Wednesday, December 12, 2012

Canary History From Africa

Canary. Congratulations! Whether this is your first bird or your latest addition, there are a few things you should know to help your canary live a long and healthy life. Canaries, prized for their beautiful song and lovely colors, are a type of finch, and are soft billed. Although males are most often the singers, occasionally a hen will do a little singing. Except under rare circumstances, plumage is not an indication of gender; generally, if the bird sings it is considered a male, or singer; if it merely “tweets” and “peeps” it’s considered a female, or hen.


Canaries originally came from a group of islands west of Africa known as the Canary Islands. The islands were inhabited by fierce wild dogs (Canis) for which the Romans named them. The wild canary first captured the attention of the Spaniards during their invasion of the islands in 1473. The little green/brown birds soon became popular with the soldiers and sailors because they were quickly tamed, they became well adjusted to their cages and the males sang irresistible, cheerful songs. The Spanish soldiers and sailors often took these birds back to Spain as souvenirs for their own enjoyment and as gifts for their lady friends. This practice became so popular that the birds were nicknamed “little sugar birds.” As the Spaniards recognized demand for these little sugar birds, they began exporting them. Over the past 500 years, careful selective breeding has provided the world with many beautiful colors and types of canaries.

Canaries are grouped into three basic categories:
1. Type (body size and shape, and stance: Border, Fife, Gloster, Norwich, Frill, and Yorkshire)
2. Color (green, blue [white/black], yellow, orange, red, brown, gray, and various combinations)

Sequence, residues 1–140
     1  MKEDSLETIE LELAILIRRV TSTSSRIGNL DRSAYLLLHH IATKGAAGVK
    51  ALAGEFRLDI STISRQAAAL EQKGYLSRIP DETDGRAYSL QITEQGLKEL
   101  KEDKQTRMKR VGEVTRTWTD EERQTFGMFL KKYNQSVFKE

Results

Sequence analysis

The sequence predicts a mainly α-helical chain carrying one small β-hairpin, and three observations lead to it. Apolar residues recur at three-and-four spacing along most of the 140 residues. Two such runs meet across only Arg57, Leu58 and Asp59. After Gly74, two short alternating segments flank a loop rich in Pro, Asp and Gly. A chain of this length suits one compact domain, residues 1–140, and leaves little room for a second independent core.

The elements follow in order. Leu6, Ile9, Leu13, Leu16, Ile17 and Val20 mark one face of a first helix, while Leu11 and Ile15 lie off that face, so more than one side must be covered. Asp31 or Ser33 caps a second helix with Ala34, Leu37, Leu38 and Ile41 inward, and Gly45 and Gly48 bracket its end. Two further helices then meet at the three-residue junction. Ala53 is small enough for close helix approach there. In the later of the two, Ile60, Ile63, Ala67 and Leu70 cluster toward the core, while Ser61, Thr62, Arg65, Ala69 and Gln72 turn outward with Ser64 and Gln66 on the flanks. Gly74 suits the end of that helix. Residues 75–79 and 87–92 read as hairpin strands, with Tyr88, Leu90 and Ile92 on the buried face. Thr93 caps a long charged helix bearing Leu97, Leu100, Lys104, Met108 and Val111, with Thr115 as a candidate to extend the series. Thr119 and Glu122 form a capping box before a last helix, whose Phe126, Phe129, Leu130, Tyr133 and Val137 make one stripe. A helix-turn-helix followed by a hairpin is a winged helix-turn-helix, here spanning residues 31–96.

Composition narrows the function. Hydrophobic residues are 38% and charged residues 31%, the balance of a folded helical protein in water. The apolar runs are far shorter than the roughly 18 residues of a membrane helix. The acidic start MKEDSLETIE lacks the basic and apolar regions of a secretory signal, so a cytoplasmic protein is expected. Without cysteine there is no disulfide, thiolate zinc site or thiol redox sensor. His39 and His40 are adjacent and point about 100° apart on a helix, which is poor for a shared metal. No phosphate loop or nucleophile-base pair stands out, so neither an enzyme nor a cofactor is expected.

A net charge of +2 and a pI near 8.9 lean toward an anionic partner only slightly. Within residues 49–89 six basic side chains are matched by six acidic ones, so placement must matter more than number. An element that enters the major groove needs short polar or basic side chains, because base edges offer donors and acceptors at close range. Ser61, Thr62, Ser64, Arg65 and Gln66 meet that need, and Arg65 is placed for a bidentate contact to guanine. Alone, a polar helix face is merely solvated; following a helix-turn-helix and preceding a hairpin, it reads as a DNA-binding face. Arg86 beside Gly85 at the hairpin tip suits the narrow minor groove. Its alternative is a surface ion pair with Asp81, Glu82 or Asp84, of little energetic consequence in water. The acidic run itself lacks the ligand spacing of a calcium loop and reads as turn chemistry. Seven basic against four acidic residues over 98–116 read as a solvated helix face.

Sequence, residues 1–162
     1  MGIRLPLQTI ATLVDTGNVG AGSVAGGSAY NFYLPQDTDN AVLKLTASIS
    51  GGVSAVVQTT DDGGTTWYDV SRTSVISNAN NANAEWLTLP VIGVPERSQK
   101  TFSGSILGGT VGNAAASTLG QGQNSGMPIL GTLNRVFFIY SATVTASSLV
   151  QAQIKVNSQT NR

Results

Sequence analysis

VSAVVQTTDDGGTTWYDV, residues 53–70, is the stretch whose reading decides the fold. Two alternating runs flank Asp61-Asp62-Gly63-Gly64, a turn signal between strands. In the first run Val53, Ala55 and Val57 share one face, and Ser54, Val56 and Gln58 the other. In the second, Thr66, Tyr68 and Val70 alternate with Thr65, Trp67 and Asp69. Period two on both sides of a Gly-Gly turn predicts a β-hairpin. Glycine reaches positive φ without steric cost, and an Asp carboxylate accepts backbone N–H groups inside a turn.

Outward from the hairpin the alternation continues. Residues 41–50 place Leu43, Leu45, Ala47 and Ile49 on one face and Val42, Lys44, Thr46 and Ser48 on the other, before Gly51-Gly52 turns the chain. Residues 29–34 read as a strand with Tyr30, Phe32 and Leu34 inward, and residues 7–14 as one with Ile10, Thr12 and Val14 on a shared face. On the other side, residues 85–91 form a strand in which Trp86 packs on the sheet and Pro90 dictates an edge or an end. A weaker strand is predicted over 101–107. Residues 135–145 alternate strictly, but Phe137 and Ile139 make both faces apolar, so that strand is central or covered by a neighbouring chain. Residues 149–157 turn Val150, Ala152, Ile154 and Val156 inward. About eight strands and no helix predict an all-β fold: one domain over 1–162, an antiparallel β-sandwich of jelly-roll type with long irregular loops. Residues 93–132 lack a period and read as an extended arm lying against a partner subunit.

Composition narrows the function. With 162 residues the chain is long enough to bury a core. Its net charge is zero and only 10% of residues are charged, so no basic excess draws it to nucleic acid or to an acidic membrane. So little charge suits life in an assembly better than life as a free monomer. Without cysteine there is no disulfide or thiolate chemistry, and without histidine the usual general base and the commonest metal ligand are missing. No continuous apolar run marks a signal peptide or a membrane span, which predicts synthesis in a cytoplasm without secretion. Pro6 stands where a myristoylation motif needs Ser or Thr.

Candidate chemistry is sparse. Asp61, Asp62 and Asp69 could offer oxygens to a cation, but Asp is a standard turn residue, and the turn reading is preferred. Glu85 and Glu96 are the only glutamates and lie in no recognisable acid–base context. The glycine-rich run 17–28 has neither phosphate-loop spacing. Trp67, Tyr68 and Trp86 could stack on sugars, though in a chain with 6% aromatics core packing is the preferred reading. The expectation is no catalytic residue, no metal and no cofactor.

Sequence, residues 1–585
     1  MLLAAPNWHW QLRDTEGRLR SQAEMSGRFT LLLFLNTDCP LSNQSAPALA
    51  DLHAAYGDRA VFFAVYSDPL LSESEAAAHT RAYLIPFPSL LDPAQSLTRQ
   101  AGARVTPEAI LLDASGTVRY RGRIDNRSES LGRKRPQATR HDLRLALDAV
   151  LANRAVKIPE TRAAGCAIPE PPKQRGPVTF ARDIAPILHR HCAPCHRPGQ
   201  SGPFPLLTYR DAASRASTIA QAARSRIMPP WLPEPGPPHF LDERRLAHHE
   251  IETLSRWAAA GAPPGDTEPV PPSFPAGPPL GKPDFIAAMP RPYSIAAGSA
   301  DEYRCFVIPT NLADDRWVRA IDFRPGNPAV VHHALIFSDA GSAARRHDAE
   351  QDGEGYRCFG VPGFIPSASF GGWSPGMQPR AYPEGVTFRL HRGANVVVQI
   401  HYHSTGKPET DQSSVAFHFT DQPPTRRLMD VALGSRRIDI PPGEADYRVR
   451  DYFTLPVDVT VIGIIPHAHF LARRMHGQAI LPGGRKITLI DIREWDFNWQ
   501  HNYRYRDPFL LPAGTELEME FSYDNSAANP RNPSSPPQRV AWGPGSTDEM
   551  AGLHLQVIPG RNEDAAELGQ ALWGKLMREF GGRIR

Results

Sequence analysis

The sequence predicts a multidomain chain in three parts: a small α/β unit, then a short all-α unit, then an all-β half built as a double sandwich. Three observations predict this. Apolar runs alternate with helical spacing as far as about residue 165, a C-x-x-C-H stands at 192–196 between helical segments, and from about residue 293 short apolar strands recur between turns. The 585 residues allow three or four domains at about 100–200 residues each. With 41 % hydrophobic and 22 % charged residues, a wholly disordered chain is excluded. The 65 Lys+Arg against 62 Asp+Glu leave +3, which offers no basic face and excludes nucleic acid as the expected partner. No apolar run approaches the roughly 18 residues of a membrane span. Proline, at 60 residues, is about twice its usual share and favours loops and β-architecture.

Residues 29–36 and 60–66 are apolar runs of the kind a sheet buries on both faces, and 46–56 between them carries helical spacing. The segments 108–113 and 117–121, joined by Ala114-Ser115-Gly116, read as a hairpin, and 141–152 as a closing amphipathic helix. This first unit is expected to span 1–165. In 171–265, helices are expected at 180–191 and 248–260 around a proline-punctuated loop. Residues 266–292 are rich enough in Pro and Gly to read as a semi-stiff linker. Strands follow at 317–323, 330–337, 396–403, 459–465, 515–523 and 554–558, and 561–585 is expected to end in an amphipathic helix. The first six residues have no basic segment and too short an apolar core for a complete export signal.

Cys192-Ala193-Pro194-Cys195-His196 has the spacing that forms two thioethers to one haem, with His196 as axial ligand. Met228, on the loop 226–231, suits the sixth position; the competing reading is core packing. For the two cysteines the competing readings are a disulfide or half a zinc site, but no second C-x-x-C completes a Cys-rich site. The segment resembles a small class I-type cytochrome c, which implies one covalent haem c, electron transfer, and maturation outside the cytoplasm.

3. Song (Roller, Waterslager, American Singer, Timbrado, and Chopper)

A Fourth type should probably be recognized: the “mixed breed” or “Kitchen Canary”. Although they won’t win any prizes at canary shows, these colorful little gems make wonderful pets and often have a hearty and varied song.

Male canaries are very territorial, and two males should never be kept in a cage together. Two males in a cage is a recipe for disaster! Surprising as it may seem, your little songster will not be lonely without feathered friends, so long as you remember that you are his flock. He wants to be your friend, so talk to him, play music for him, let him watch TV with you, and treat him to the canary’s all-time favorite sound: your vacuum cleaner. If you must leave him alone for long stretches of time, be kind enough to leave him with a radio or some other audible entertainment. Remember that his ancestors lived in the wild, where a quiet jungle or forest means only one thing: danger. He will feel more secure if his daytime environment has a little bit of “noise”.

If you have your heart set on a pretty flock of canaries, consider a few hens, or perhaps one singer and some hens. Although three or more males may be housed together, they probably won’t sing, or only the “top bird” will sing. The male sings for two basic purposes—to flirt with lady birds and to claim his territory. Usually, he must feel like his space is his own for his song to be in top form. Also, if he is surrounded by ladies, well, he’s already won, hasn’t he? If you must have the pretty flock and the song, and he simply won’t oblige, consider putting him in a separate cage. But please don’t make him share it with a parakeet—he’s liable to get his toes bit off.


Perrie Jinnie said...

This bird is actually very cute and lovely. You people can also take help from the Pet Grooming Tips to know what to do and what not to do with your pets to make them really healthy and happy so that they live longer with you.

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